This type exists for very specific use cases with a lot of child updates or as says the official documentation  if your data contains a one-to-many relationship where one entity significantly outnumbers the other entity

This data type is more complicated to handle and have very poor performance

I will not detail parent/child here. And probably never will in this blog.
If you want to know more you can read the official documentation here

Caveats of Denormalization

Flatten data make it easier to find them quickly. And it should be your main purpose by using Elasticsearch. 

But of course, repeating data makes the document and index bigger on the Hard Drive.
It’s usually not an issue in most search use cases. 

Update denormalized documents

And you should already ask yourself (or shouting on me behind your screen), what about updates? 
If an author name changes, do I have to update all referring docs in my index? 

In one word… Yes.   

But Elastic offers several ways to do it easily. 

Bulk Update

At first you can construct a batch at your application side to post each change into a bulk query. 

POST denormalized-blog-posts/_bulk
{ "update" : {"_id" : "cQ_G4nMBw1rncBcgZz2d"} }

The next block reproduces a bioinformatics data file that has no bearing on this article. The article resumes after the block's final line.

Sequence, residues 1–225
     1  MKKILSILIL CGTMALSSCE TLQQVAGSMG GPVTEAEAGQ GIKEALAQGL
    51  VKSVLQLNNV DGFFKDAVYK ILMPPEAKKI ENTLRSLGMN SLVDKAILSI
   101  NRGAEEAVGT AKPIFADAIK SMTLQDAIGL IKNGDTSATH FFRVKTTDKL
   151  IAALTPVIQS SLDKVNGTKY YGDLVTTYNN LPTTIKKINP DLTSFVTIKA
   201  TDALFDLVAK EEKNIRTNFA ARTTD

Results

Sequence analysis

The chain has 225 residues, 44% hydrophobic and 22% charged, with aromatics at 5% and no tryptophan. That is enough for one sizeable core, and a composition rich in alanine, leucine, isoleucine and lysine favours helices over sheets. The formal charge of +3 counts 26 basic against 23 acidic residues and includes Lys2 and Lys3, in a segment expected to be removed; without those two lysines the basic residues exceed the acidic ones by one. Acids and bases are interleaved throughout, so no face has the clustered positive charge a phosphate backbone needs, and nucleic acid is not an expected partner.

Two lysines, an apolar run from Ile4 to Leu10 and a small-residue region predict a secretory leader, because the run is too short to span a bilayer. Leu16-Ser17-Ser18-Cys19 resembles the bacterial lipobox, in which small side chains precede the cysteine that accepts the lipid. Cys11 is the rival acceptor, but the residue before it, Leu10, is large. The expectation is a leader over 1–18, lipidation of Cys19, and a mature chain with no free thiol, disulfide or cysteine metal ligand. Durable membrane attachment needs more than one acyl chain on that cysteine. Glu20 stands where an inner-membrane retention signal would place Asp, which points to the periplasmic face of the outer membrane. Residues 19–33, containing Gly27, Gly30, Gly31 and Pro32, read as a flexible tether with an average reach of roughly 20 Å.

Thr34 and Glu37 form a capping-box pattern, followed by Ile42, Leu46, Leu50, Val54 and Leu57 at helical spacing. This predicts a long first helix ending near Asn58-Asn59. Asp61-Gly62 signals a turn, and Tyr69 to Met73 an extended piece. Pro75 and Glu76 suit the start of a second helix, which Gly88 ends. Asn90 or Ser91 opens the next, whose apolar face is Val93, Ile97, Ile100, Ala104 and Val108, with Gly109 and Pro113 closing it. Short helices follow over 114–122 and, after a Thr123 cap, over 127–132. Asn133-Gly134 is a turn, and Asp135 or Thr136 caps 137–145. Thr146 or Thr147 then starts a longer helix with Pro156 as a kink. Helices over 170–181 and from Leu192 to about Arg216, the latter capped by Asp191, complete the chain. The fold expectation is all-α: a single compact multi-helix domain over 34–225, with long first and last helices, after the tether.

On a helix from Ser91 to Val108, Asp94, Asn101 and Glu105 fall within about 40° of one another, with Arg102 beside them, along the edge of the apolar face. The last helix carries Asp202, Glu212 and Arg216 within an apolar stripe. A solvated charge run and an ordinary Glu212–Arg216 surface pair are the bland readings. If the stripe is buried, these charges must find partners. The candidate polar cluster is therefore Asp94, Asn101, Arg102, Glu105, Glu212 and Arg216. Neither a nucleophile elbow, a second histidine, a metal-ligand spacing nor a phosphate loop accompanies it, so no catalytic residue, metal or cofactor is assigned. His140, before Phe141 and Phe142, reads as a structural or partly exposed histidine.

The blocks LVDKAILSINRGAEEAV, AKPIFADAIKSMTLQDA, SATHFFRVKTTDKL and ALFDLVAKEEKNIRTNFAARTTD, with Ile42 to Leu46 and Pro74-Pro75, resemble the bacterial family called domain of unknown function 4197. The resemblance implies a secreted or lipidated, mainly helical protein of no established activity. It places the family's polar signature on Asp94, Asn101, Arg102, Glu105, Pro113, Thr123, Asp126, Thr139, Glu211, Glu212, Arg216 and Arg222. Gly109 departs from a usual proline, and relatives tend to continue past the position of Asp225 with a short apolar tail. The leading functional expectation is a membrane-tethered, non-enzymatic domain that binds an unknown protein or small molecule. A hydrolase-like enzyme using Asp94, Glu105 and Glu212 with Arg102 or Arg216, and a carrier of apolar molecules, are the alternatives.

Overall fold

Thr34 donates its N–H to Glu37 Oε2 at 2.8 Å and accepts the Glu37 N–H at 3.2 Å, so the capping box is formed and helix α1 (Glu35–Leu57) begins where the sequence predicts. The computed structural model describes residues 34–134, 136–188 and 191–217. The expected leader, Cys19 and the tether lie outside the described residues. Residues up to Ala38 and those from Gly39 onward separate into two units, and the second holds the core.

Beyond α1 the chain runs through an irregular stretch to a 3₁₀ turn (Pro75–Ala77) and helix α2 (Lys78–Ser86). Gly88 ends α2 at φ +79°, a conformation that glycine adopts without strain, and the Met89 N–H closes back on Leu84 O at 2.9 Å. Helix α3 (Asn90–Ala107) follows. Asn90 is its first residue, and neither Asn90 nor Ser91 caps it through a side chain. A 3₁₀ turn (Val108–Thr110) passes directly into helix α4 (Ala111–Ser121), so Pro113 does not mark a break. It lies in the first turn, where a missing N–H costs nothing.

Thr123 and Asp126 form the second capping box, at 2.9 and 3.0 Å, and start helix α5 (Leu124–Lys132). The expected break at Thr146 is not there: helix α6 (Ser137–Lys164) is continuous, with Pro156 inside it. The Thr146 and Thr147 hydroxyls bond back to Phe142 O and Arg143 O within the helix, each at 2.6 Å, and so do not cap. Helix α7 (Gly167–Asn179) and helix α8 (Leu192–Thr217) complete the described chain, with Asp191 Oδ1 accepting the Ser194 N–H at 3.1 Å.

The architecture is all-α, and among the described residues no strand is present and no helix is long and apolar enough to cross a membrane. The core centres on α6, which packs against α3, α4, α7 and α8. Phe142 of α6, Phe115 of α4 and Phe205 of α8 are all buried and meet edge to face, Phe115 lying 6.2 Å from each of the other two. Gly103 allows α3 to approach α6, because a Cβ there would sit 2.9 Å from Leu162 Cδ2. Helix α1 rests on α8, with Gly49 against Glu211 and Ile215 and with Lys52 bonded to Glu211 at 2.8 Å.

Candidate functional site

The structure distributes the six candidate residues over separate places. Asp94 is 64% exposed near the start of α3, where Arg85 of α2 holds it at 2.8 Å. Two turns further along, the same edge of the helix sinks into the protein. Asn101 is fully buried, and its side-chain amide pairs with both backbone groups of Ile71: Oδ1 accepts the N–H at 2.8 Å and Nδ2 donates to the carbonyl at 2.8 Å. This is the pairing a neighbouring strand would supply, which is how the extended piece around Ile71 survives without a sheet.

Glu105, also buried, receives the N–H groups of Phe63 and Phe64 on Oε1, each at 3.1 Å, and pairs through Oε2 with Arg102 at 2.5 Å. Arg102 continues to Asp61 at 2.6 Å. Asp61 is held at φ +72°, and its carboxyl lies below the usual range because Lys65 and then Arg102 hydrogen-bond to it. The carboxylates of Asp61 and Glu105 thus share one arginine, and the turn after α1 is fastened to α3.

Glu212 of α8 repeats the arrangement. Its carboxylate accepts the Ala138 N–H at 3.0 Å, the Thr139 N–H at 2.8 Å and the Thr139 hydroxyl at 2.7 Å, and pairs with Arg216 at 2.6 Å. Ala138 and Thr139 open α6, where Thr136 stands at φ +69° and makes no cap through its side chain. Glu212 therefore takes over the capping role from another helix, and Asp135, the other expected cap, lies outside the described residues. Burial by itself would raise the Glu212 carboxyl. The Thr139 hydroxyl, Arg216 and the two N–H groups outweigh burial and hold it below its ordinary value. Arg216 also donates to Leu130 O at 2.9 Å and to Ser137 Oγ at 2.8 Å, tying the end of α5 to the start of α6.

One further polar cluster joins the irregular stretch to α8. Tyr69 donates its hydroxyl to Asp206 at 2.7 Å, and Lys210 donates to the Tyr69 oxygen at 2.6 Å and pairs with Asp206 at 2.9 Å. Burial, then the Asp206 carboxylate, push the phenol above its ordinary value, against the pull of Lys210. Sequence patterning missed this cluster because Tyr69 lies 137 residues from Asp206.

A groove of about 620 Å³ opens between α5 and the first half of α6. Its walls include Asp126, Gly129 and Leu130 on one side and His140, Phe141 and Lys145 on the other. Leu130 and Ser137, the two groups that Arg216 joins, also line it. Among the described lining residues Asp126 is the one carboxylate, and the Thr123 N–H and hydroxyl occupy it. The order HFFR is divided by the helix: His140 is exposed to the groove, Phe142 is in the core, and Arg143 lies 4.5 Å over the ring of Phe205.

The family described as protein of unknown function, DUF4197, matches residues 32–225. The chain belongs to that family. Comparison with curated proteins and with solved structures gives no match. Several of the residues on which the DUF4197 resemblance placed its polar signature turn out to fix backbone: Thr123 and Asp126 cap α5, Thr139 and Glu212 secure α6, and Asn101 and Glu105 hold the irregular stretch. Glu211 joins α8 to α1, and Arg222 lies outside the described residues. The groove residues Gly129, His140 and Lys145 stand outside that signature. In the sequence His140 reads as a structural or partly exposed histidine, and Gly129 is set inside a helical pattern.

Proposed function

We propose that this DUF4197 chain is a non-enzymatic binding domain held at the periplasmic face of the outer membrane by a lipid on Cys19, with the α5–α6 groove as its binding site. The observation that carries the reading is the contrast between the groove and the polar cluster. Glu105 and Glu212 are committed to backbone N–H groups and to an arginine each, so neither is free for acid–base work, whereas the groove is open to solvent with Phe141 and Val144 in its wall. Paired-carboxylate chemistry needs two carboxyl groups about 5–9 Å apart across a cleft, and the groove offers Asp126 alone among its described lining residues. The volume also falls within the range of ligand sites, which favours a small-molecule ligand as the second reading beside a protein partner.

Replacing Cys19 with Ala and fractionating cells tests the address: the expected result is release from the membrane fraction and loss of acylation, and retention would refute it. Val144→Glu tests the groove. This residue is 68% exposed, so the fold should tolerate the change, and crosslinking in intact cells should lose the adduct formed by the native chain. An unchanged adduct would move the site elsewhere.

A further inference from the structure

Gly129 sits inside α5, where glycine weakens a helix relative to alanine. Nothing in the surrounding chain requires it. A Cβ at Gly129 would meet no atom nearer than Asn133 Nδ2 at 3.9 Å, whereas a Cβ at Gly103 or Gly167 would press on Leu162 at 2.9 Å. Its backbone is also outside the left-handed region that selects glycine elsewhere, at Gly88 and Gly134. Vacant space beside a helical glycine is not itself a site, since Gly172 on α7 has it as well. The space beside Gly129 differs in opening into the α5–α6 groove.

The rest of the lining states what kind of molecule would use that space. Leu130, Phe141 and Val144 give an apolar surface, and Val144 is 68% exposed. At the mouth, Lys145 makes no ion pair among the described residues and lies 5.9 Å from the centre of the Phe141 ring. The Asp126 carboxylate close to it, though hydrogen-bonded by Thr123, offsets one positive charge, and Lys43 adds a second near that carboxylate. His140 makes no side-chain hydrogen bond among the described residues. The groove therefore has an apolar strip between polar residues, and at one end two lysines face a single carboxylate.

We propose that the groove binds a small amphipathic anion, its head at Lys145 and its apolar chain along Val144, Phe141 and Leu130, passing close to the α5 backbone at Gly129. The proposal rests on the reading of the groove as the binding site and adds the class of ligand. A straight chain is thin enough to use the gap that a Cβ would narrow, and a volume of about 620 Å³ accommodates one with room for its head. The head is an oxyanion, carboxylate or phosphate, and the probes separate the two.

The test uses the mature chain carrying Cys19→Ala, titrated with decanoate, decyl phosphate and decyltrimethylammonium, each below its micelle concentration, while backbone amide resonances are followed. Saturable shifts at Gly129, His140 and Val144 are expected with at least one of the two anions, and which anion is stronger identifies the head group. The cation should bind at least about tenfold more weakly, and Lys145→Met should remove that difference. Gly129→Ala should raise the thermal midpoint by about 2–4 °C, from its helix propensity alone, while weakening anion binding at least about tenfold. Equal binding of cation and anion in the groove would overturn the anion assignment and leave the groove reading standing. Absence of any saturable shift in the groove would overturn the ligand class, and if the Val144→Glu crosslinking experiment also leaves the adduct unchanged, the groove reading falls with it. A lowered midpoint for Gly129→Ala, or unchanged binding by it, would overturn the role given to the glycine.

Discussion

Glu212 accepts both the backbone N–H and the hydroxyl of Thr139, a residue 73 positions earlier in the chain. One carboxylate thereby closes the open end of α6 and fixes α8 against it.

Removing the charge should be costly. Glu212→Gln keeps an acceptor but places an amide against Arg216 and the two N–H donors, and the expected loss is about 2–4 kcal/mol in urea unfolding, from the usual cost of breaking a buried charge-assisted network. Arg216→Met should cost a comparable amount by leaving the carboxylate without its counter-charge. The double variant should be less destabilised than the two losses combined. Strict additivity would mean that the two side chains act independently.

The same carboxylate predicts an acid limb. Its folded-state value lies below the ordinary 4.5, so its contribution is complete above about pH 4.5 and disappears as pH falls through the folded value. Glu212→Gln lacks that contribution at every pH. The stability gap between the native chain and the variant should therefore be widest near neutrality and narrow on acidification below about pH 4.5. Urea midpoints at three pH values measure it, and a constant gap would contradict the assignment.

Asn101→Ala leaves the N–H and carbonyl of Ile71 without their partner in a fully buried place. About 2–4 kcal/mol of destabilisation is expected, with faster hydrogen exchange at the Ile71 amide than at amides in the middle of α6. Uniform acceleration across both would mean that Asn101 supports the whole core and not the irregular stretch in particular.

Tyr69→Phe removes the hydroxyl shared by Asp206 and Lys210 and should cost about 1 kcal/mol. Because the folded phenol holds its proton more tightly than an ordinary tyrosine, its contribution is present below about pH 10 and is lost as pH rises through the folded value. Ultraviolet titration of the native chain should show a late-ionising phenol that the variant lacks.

{ "doc" : {"user.pseudo" : "my new very cool pseudo"} }
{ "update" : {"_id" : "Ae_Cr6MBw5rncNcgJzia"} }
{ "doc" : {"user.pseudo" : "my new very cool pseudo"} }

It will be far less expensive than a single update on the _doc api of each document. 


The most powerful maintenance way to update a lot of data. 

  1. Create a search query that match the data you want to update 
  2. Ask elastic to do the whole job itself
POST denormalized-blogs-post/_update_by_query
  "query": {
    "bool": {
      "filter": [
          "term": {
            "": 45
  "script": {
    "source": "ctx._source.['user']['pseudo'] = 'my new very cool pseudo';",
    "lang": "painless"

The _update_by_query api is very very powerful. You can parallelize, manage throttling, script complexe conditions and more. 

We will definitely write a dedicated post about it on this blog.

References :